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Local First


Before the advent of cloud computing, data management was straightforward: files were written to local disks, and file exchanges were handled via floppy disks. The shift to cloud storage introduced new challenges, particularly concerning data dependency on cloud providers, which could lead to data loss or vendor lock-in.

The Local-First Movement

The local-first movement aims to reclaim user control over data by emphasizing local processing and storage while retaining the advantages of the internet. The core principles of local-first software include:

  1. Local Processing and Storage: Data should be processed and stored locally to ensure accessibility even when offline.
  2. Robust Synchronization: Synchronization should be resilient to interruptions, ensuring data consistency across devices using Conflict-Free Replicated Data Types (CRDT).
  3. Privacy and Security: Data should be end-to-end encrypted (E2EE) to ensure privacy, even during transmission.

Resilient Sync: Bridging Local and Cloud Storage

To address these principles, I propose a resilient sync model that integrates both file system and internet-based approaches. This model involves a continuous log of changes, unique client identifiers, and efficient handling of large binary data (assets).

Log of Changes

Each client maintains a simple, continuous log of changes with an index starting at 0. These changes can be CRDT compliant and stored in an encrypted form. Each client is identified by a unique ID (UUID), and changes are linked to this clientId, forming a workspace.

  • Indexing and Timestamping: Each change is indexed and optionally timestamped, allowing for historical data processing and endless “undo” functionality.
  • Data Consistency: To ensure consistency, entries can include hashes of previous entries, similar to a blockchain, and potentially evolve towards a Merkle tree structure.

Handling Large Binary Data

Assets such as images, videos, and audio files, which rarely change, are managed separately from the content changes to prevent synchronization bottlenecks. These assets are indexed similarly to content changes and can be referenced through URLs containing metadata like size, MIME type, and checksum.

Implementation Strategies


A database implementation involves tables with fields for index, clientId, data, timestamp, and previous hash. This structure can be used both locally (e.g., IndexedDB) and on synchronization servers.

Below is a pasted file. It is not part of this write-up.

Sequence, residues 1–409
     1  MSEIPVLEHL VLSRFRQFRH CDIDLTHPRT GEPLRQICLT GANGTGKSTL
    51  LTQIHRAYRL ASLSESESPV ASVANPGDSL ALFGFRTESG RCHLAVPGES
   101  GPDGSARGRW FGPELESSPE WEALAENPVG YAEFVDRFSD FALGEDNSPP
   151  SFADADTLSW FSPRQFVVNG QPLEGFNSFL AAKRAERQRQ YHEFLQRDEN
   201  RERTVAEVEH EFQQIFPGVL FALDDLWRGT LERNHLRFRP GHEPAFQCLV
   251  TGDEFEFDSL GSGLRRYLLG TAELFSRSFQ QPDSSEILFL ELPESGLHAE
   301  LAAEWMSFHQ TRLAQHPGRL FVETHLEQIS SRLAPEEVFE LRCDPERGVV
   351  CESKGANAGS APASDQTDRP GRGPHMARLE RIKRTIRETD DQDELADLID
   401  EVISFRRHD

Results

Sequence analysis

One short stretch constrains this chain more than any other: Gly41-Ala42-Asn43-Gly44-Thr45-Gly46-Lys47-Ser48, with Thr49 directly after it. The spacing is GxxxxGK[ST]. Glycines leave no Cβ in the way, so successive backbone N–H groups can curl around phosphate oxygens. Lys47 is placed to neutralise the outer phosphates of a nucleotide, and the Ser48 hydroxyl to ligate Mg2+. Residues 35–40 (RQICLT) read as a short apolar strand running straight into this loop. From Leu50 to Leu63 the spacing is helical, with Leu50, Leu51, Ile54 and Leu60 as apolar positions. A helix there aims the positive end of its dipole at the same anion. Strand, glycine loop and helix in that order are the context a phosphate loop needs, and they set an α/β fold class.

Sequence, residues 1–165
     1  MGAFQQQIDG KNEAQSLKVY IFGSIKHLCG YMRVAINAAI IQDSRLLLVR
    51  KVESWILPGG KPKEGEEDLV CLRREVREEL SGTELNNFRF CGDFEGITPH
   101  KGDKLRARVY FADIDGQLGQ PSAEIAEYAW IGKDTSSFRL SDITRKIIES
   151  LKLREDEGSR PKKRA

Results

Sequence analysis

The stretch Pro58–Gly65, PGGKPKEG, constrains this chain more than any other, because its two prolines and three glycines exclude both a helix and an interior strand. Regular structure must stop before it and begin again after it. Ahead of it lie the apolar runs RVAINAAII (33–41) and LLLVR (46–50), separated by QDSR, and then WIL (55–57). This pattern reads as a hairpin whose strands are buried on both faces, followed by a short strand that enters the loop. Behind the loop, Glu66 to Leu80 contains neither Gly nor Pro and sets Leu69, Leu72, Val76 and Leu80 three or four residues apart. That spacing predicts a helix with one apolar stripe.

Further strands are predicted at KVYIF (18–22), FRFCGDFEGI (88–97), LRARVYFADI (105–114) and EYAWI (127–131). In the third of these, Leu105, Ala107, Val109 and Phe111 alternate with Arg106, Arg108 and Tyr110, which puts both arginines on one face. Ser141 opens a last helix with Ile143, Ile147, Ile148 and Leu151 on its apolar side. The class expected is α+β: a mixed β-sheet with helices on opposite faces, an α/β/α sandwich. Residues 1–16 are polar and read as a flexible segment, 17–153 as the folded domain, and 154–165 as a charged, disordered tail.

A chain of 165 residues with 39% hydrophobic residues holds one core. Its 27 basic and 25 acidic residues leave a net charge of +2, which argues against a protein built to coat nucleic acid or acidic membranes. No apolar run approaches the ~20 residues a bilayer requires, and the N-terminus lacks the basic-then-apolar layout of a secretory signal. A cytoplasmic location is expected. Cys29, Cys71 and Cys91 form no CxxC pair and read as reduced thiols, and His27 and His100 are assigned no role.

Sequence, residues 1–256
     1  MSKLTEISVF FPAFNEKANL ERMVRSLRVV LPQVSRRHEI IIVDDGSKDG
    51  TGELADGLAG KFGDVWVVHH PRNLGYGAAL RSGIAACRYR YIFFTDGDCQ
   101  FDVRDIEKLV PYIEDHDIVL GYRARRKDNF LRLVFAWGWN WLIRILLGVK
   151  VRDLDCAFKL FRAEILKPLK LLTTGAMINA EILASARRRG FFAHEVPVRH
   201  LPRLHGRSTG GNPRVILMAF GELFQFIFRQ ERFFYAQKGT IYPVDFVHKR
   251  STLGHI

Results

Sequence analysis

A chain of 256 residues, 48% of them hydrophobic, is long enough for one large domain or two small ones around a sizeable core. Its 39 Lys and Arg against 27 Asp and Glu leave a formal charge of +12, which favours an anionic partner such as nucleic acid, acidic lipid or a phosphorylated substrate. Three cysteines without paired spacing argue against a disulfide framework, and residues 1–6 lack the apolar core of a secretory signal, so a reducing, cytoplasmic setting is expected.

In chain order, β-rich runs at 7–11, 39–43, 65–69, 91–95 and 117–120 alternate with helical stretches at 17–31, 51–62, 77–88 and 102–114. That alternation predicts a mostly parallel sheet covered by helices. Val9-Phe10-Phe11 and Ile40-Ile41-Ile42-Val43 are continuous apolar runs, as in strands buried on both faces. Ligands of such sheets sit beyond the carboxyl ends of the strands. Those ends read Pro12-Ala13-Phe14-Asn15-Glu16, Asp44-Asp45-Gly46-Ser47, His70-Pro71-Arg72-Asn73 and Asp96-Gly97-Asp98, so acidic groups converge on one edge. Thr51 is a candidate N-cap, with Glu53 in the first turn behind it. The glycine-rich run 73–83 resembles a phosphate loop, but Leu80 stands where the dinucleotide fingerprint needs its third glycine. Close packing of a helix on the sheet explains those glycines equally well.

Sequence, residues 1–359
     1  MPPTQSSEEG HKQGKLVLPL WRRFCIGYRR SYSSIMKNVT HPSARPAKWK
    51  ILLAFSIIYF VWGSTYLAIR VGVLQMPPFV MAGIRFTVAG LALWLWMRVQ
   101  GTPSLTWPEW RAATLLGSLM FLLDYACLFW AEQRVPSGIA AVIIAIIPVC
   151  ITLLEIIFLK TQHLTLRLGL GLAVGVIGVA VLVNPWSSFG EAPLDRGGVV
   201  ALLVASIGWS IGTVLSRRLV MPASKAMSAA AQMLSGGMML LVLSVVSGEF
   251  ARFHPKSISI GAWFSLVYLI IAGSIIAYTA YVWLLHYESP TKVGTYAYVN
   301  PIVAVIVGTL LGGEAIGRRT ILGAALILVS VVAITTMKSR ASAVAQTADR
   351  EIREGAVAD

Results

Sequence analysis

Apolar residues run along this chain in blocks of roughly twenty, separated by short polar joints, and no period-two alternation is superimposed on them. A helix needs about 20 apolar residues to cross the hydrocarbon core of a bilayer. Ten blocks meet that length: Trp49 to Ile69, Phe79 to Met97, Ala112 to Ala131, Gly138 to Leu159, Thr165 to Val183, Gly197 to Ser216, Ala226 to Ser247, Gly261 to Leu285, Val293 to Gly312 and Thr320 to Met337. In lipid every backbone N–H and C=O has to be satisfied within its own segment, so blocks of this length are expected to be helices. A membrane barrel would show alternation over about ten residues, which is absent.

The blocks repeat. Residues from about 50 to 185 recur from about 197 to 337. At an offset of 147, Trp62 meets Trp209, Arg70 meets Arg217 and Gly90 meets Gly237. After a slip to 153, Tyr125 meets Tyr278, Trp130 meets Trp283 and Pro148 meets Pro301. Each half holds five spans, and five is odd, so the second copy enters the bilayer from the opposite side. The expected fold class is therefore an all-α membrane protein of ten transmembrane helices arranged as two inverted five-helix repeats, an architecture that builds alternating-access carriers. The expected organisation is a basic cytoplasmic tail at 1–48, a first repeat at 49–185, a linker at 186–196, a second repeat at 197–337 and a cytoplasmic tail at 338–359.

In a filesystem implementation, data is stored in directories with metadata in an index.json file. Each client has directories for changes and assets, and files are distributed evenly to avoid directory overloading.

Online Services and Peer-To-Peer Sync

Online services can adopt either the database or filesystem approach based on their needs. For example, Dropbox or WebDAV could use the filesystem approach, while Apple CloudKit might benefit from a database approach. Additionally, peer-to-peer (P2P) synchronization can be employed for direct client communication, leveraging CRDT to manage redundancy and data consistency.

Refinements and Future Directions

Several areas can be refined to enhance this model:

  • Data Size Control: Managing the size of log entries by bundling changes or splitting large changes into smaller packages.
  • Data Compression: Implementing data compression to optimize storage and transmission.
  • Client Announcement: Using special log entries for announcing new clients and employing cryptographic methods for validation.
  • Logical Clocks: Incorporating logical clocks like the Lamport clock to improve the chronological ordering of entries.
  • Resource Optimization: Writing data to a single file per client to optimize resource usage.
  • Cryptographic Enhancements: Implementing advanced cryptographic techniques for rights management and security (e.g., Cryptree).



  • “The reactive data store for local‑first apps.”
  • “Jazz is an open-source toolkit that replaces APIs, databases and message queues with a single new abstraction: “Collaborative Values” — distributed state with secure permissions built-in. Features that used to take months to build now work out-of-the-box.”

Page last modified: 2024-07-10 14:27:28